Today we continue our Words From Our Founders series examining our Founding Fathers’ own words on religion, religious liberty, and morality.
In honor of Thanksgiving, below is a proclamation issued by the Continental Congress on October 18, 1780. The proclamation establishes December 7, 1780, as a day of “public thanksgiving and prayer.” The proclamation also makes a reference to Benedict Arnold’s treason, which was exposed before it could be fully executed.
Whereas it hath pleased Almighty God, the Father of all mercies, amidst the vicissitudes and calamities of war, to bestow blessings on the people of these states, which call for their devout and thankful acknowledgments, more especially in the late remarkable interposition of his watchful providence, in rescuing the person of our Commander in Chief and the army from imminent dangers, at the moment when treason was ripened for execution; in prospering the labours of the husbandmen, and causing the earth to yield its increase in plentiful harvests; and, above all, in continuing to us the enjoyment of the gospel of peace;
It is therefore recommended to the several states to set apart Thursday, the seventh day of December next, to be observed as a day of public thanksgiving and prayer; that all the people may assemble on that day to celebrate the praises of our Divine Benefactor; to confess our unworthiness of the least of his favours, and to offer our fervent supplications to the God of all grace; that it may please him to pardon our heinous transgressions and incline our hearts for the future to keep all his laws that it may please him still to afford us the blessing of health; to comfort and relieve our brethren who are any wise afflicted or distressed; to smile upon our husbandry and trade and establish the work of our hands; to direct our publick councils, and lead our forces, by land and sea, to victory; to take our illustrious ally under his special protection, and favor our joint councils and exertions for the establishment of speedy and permanent peace; to cherish all schools and seminaries of education, build up his churches in their most holy faith and to cause the knowledge of Christianity to spread over all the earth.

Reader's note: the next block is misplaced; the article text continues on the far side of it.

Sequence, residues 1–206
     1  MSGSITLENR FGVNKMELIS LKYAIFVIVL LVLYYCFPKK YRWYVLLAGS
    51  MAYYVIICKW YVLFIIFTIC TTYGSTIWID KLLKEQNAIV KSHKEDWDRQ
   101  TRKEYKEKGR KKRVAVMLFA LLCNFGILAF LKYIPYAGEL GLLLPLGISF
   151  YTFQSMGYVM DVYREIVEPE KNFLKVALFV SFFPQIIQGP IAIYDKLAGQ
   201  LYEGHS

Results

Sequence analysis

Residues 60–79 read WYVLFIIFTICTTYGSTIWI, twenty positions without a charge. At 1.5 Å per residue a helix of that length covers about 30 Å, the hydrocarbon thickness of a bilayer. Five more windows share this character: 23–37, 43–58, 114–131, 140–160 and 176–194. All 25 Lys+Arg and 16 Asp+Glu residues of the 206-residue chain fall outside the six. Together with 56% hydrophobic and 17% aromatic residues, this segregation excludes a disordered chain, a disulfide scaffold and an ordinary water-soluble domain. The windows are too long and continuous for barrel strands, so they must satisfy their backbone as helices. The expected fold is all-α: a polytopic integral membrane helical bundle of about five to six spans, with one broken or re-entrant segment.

Done in Congress, the lath day of October, 1780, and in the fifth year of the independence of the United States of America.